Tim VanderBeek:

I would prefer lower over all tax rates but I could support a direct incentive if the business would bring large scale employment.


Ryan Lepko:

I believe in fairness across the board. I do not believe in tax incentives as the playing field has been tipped in favor to that company, whereas another company may have not received that benefit. It is a sensitive issue and needs to be handled fairly and equitably.


Davey Wiggers:

I think increasing the positive image of the city and reducing its notoriety will change public perceptions. This will automatically make Lethbridge a more attractive place to do business. Add to that the new Agri-Food Hub and Trade Centre, a renovated Airport and you will see business being attracted to all that Lethbridge has to offer. A stable regional economy, a skilled workforce, reasonably priced housing, access to world-class tourism destinations like Waterton Park, Writing-On-Stone, the Lethbridge Viaduct and Head-Smashed-In Buffalo jump among many others. Adjusting business taxes isn’t necessary any further than what the provincial government has already done.


Dale Leier:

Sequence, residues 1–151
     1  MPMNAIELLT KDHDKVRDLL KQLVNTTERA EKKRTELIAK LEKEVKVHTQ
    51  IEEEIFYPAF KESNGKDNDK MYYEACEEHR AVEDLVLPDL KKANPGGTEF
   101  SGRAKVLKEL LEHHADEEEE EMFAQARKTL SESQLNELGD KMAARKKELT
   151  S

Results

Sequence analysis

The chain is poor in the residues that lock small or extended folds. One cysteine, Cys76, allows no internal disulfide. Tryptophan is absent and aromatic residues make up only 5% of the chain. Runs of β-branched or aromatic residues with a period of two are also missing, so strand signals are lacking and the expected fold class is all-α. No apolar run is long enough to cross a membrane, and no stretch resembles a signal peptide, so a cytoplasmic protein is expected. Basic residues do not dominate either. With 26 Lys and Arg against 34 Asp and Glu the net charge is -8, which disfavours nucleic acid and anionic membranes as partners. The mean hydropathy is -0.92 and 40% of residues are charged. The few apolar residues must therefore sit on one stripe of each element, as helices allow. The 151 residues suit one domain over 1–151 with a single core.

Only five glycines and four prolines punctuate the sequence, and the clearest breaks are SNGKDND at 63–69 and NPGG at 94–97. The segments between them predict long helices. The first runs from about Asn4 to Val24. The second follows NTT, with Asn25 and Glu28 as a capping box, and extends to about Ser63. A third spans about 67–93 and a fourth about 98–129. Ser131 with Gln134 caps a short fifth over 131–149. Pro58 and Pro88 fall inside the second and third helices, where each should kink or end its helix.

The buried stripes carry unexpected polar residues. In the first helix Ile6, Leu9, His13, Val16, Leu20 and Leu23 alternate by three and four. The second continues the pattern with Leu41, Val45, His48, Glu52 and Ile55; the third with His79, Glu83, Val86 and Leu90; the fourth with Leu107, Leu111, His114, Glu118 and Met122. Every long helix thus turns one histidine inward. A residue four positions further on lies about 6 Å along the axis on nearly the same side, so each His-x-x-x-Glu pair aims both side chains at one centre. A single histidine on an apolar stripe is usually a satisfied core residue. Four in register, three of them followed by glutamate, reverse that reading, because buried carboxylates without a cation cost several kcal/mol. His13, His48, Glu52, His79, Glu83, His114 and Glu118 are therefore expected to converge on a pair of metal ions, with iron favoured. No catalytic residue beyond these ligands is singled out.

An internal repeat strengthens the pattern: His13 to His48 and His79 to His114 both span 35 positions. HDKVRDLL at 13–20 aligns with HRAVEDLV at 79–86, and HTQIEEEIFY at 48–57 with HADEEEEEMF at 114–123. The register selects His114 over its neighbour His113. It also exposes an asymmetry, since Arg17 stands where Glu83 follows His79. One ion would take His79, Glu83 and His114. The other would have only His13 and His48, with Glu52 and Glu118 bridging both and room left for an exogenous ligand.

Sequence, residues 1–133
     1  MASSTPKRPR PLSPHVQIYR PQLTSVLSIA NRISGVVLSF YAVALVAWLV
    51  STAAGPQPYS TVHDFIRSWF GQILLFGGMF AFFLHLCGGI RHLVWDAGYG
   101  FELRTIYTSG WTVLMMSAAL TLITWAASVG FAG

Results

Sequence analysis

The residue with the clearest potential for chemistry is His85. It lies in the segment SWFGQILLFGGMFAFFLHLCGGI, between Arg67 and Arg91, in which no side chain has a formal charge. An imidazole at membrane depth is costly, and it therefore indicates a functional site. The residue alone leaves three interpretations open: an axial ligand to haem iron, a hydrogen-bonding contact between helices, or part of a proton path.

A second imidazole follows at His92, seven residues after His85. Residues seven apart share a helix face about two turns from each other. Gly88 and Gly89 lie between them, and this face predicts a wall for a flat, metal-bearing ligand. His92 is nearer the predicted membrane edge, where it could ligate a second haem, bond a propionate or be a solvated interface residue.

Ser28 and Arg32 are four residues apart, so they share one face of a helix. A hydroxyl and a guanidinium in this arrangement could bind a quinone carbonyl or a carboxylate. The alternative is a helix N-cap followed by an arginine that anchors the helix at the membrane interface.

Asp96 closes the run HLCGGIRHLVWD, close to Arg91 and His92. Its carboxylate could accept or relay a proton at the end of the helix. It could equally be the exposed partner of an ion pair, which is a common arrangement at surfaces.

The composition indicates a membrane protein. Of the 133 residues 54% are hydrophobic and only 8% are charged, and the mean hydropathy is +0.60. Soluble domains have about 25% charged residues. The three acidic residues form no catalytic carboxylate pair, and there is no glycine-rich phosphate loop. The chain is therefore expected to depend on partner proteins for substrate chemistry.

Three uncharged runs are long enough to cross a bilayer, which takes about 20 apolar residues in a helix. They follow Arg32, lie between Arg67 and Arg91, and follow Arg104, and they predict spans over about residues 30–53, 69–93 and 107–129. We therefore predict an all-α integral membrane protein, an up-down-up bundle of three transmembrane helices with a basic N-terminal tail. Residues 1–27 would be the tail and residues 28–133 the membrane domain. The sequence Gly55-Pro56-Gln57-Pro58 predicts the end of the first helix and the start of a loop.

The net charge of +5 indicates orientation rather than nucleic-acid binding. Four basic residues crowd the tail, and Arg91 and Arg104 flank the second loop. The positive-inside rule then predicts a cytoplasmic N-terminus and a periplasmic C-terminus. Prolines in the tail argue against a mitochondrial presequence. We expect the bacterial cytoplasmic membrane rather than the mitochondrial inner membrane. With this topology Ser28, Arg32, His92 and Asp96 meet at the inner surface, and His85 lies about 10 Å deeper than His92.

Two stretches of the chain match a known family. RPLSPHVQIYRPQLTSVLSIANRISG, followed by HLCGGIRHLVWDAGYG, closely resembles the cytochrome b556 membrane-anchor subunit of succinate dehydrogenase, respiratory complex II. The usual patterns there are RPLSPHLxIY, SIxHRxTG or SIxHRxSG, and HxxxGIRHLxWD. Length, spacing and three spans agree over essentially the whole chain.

1. This is where the law of unintended consequences can come back to bite. We are, like it or not, in competition with other communities to attract new businesses. This often means that, to compete, we need to offer some level of incentives. Done correctly, these incentives will help to grow the local economy and float all boats including the businesses already here. Two things we can do in this regard: Be strategic. Work to attract businesses that compliment (i.e. vertically integrate) with the business that are already here. 2. Be fair. Business already here should not be penalized for not needing incentives. Instead, leveraging the presence of our educational institutions to support new business with research, development, skilled workers, and graduates create a win-win for all involved while minimizing distortions to the local economy. 3. Be creative. The City has a great deal of resources at its disposal which can be used as a catalyst to attract investment, financial assistance, and support for start-ups. I propose a group of up to 10 incubators established in partnership with successful businesses from across Canada, to focus on areas of strategic interest. Each of these 10 incubators would have matching Seed Capital Funds for the purpose of leveraging additional funding from public and private sources for market research prototype development, marketing, and growth funding.